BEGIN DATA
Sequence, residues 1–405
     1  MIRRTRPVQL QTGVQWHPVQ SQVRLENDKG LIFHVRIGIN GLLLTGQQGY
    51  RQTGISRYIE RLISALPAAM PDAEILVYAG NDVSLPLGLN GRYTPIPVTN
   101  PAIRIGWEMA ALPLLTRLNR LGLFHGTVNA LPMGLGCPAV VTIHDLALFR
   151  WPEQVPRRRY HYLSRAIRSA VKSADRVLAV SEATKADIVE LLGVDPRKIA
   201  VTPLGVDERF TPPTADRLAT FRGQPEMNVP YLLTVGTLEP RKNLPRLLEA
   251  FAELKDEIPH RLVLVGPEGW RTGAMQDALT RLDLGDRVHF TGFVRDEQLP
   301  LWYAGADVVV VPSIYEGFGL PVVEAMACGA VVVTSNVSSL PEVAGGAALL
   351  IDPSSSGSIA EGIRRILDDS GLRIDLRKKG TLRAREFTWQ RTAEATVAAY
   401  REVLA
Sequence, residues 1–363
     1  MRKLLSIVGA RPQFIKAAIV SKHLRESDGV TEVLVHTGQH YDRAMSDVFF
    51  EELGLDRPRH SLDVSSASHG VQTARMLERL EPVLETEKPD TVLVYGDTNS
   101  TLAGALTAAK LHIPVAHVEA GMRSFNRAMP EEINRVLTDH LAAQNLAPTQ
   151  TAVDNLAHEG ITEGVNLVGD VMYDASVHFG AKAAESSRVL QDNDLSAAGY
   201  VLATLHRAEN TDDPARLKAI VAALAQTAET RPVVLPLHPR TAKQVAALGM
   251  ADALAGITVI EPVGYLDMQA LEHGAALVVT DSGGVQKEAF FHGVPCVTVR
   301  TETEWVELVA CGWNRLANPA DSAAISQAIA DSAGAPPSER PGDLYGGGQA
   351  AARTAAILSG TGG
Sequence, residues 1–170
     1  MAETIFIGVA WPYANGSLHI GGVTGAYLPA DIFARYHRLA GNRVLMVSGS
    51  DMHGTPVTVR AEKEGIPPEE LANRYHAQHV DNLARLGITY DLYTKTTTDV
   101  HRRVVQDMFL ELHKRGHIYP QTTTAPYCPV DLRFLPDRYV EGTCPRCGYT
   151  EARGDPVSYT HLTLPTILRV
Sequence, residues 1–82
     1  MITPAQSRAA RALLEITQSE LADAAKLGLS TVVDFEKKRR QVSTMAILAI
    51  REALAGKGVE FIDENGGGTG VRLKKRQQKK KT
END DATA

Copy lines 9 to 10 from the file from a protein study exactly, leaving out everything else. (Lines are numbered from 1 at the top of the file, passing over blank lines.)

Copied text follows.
   351  IDPSSSGSIA EGIRRILDDS GLRIDLRKKG TLRAREFTWQ RTAEATVAAY
   401  REVLA